I would personally use Xcode, which you will need to learn to use sooner or later, but Swift Playgrounds is a much lighter app, and it can run on an iPad as well.
And if you don’t have a Mac and can’t afford a second-hand computer, you can learn Swift using Visual Studio code on Windows or Linux.
Hello, World! The first step in every programming language
The first example program you write in any language is “Hello, World!”
// This is a comment, ignored by the compiler print("Hello World!") // You can also write a comment next to an instruction /* This is also a comment, which spans multiple lines and ends only with a closing delimiter */
This is an elementary program with one instruction that teaches you how to print something. It also teaches you how to write comments in your code that the compiler ignores.
Many think this is a useless exercise, and I thought the same at the beginning. But it teaches two fundamental concepts that you will use throughout your career. Why?
- Comments are an essential part of programming. While code should always be self-explanatory, you can use comments to note something that is not evident, like the reasons behind a piece of code. Comments are also used to create documentation.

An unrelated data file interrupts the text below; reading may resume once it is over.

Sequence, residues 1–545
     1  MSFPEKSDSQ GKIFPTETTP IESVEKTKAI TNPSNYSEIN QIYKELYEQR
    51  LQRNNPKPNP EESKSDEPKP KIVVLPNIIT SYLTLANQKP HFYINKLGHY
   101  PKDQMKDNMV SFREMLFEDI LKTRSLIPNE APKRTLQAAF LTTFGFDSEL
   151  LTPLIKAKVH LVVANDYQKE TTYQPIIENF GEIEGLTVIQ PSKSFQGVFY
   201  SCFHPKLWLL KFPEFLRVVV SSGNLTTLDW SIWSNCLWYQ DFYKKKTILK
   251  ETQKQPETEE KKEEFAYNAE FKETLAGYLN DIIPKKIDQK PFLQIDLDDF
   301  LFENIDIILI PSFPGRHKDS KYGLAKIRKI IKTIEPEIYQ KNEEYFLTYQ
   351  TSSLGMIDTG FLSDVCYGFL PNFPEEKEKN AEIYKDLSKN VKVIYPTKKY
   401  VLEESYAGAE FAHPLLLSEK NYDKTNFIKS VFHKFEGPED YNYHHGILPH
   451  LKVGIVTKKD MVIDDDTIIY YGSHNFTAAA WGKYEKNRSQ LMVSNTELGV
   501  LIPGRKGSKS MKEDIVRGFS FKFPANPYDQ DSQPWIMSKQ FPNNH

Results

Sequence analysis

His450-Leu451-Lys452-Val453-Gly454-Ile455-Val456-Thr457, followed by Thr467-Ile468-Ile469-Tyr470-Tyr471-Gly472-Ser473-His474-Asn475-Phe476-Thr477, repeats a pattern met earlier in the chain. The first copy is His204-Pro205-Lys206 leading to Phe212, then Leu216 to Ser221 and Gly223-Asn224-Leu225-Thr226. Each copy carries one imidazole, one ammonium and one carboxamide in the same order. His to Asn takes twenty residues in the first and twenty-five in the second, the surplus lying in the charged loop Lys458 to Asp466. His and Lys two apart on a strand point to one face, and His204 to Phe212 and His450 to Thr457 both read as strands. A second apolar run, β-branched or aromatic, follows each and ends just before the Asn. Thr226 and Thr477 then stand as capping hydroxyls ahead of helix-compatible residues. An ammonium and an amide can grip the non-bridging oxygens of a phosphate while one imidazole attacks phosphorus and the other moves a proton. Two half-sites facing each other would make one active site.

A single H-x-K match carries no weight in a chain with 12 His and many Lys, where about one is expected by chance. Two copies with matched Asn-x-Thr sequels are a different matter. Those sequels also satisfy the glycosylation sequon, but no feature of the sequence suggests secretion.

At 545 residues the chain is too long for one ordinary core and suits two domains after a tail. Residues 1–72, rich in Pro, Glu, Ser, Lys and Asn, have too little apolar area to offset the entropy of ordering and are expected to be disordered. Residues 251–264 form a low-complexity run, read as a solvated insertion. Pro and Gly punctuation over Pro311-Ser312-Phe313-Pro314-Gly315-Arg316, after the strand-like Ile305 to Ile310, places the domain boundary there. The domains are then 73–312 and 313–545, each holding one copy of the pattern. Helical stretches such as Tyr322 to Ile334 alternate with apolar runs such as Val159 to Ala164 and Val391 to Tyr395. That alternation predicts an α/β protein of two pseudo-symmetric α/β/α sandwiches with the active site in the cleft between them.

Further reading: Hello, World! Your First Swift Program
Performing arithmetical calculations
Any program you write will manipulate values in one way or another to achieve a specific result.
The most common values you will use in Swift are numbers. At its most basic, you can use Swift to perform simple arithmetical calculations.
Swift has five arithmetical operators: addition, subtraction, multiplication, division, and remainder (or modulo).
2 + 3 // 5 7 - 4 // 3 3 * 5 // 15 9 / 3 // 3 8 % 3 // 2
When I learned programming, I thought these were irrelevant. Who cares about arithmetic? I want to make apps.
In reality, arithmetical calculations and, sometimes, more complex mathematics will be in every app you make.
- Want to make a budget app? That’s full of arithmetic.
- Want to make some custom control or show a cool animation? You’ll need arithmetic for the coordinates of objects.
- Want to make a game? Games are full of stats that require arithmetic: scores, character levels, speed of things, etc.
You can’t run away from maths.
Naming values using constants and accumulating results in variables
No part of your program will be as simple and short as the examples you often find online. As a program grows, it becomes harder to track what values mean.
A fundamental part of programming is naming things. You can declare constants using the
let keyword and assign a value to it using the assignment operator
let apples = 7 let oranges = 5 let bananas = 9 let itemCount = apples + oranges + bananas // 21
As the name implies, the value of a constant remains the same once it is assigned. If you want to change a value with a name, you must use a variable instead. Variables are declared using the